Patriarch Ignatius Aphrem II calls for truce between church factions

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The Patriarch, on his second apostolic visit to India, told reporters on Tuesday,
Patriarch of the Syrian Orthodox Church Igantius Aphrem II accepting a floral welcome by special children of Centre for Empowerment and Enrichment in Kochi on Tuesday. (Photo: SUNOJ NINAN MATHEW)

KOCHI: Ignatius Aphrem II, Patriarch of Antioch & the East and supreme head of the Jacobite Syrian Orthodox Church, called for peace between the two factions of the Malankara Orthodox Church based on respect for each other and dignity. The Patriarch, on his second apostolic visit to India, told reporters on Tuesday, “I will do all I can to achieve peace based on respect, dignity and mutual acceptance.” The Patriarch expected a positive response from Catholicos Baselius Thomas Paulose-II, head of the Malankara Orthodox Church, to the invitation for talks.

The Catholicos had not responded so far. Saying that he was concerned about the ordinary folks of the Church, he said, “We are not the Church, we are its servants.” The dispute betw-een the two factions had hit the ordinary members as weddings, funerals and other services were being disrupted due to the rift. He will not visit the Parumala pilgrim centre as part of efforts not to aggravate the situation. Under-lying his deep desire for peace between the two groups, he said he was the spiritual father of all believers. The Patriarch will visit New Delhi to meet the President and the Prime Minister and would seek their interventions to achieve peace in the Church in India.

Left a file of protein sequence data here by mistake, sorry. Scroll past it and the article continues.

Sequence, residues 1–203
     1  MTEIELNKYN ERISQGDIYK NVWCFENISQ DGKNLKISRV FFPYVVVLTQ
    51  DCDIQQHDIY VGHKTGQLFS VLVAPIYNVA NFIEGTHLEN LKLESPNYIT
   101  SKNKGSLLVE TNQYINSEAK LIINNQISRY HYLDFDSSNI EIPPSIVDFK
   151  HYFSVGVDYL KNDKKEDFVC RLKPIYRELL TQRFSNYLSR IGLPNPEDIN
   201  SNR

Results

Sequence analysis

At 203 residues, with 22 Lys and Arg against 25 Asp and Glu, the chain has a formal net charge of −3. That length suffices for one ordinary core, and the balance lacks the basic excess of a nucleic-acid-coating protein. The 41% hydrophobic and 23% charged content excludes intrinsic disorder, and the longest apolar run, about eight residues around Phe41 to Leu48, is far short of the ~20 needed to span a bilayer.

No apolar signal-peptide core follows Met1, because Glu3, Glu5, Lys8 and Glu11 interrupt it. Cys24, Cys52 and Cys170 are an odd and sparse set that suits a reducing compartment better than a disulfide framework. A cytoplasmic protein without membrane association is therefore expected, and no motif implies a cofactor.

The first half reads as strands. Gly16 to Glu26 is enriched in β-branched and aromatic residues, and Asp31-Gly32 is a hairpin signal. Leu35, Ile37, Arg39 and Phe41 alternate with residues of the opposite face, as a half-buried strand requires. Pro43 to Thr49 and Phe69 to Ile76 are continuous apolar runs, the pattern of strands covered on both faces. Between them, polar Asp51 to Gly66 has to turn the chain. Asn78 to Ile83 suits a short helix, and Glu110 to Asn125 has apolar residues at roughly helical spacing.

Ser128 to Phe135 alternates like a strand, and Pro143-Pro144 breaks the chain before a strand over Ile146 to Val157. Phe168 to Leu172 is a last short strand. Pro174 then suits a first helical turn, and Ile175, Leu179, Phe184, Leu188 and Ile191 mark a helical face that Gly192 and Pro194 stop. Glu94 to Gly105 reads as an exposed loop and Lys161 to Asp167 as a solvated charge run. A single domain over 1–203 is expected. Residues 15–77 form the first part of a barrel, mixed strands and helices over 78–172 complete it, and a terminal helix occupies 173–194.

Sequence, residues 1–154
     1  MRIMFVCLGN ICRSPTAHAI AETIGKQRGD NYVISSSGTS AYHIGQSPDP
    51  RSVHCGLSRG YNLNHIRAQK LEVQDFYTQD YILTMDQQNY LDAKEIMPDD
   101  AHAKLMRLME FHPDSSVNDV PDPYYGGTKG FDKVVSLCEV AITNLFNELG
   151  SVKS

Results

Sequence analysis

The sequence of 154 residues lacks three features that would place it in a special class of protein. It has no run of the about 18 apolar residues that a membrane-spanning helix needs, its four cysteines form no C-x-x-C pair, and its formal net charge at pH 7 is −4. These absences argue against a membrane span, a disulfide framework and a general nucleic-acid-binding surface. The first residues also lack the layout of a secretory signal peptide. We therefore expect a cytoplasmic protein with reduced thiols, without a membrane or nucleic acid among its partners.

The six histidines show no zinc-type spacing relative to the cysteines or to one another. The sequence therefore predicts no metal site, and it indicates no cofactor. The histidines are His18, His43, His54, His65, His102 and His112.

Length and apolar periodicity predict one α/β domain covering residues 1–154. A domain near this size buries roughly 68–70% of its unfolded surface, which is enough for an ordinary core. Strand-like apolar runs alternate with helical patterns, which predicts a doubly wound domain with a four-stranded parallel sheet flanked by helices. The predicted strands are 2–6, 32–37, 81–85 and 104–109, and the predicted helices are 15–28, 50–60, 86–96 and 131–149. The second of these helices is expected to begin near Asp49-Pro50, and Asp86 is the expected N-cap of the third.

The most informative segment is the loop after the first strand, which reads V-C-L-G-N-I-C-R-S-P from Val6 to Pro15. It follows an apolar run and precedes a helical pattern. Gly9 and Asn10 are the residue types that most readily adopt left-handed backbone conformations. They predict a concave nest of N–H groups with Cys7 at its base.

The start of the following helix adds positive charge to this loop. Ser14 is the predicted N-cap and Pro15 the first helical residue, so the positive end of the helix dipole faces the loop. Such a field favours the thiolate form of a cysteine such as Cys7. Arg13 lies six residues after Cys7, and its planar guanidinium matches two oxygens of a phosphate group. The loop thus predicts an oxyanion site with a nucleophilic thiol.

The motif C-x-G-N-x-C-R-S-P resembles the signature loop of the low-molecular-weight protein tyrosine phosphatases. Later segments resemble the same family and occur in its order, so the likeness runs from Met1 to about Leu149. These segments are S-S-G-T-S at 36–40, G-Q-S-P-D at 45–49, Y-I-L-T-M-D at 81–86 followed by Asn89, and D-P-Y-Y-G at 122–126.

However, he made it clear that he did not expect Delhi to directly intervene in the matter, but to be a facilitator of the peace process. He thanked Chief Minister Pinarayi Vijayan for encouraging him to visit the state in a bid to achieve peace in the Malankara Church. The government had made arrangements for his visit as a state guest, he said. On the Supreme Court verdict in the dispute between the two groups of the Church, the Patriarch said his visit to India is marked by several “difficult and painful events.”

A group of people have been deprived of their churches and places of worship, he said and added that he had extended an invitation to all for talks to achieve peace. On leadership changes in the Malankara Jacobite Church, he said the local synod would decide such matters and that he would not impose or force any changes. Christians unlikely to return to Syria: The Syrian government forces recently achieved success in their fight with the rebels, but most Christians fled, the Patriarch said. Most of them were unlikely to return, he said and added that even if five per cent of them returned, it would be a good result.